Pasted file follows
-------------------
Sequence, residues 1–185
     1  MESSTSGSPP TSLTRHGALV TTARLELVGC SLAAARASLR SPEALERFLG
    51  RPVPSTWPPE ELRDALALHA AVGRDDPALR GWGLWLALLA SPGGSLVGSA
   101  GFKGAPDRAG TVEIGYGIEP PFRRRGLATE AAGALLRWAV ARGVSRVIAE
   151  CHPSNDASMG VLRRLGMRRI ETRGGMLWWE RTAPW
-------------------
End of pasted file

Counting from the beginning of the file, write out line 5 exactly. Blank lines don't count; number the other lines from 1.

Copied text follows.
   151  CHPSNDASMG VLRRLGMRRI ETRGGMLWWE RTAPW